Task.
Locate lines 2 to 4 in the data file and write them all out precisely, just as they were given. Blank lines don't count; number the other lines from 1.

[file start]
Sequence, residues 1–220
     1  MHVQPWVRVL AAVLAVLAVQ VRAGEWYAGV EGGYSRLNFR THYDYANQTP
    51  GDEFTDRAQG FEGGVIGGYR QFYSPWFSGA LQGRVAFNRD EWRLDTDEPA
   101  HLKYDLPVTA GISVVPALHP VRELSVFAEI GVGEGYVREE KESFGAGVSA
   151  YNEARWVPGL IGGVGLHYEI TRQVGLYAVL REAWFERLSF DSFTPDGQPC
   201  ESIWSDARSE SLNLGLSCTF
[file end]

     1  MHVQPWVRVL AAVLAVLAVQ VRAGEWYAGV EGGYSRLNFR THYDYANQTP
    51  GDEFTDRAQG FEGGVIGGYR QFYSPWFSGA LQGRVAFNRD EWRLDTDEPA
   101  HLKYDLPVTA GISVVPALHP VRELSVFAEI GVGEGYVREE KESFGAGVSA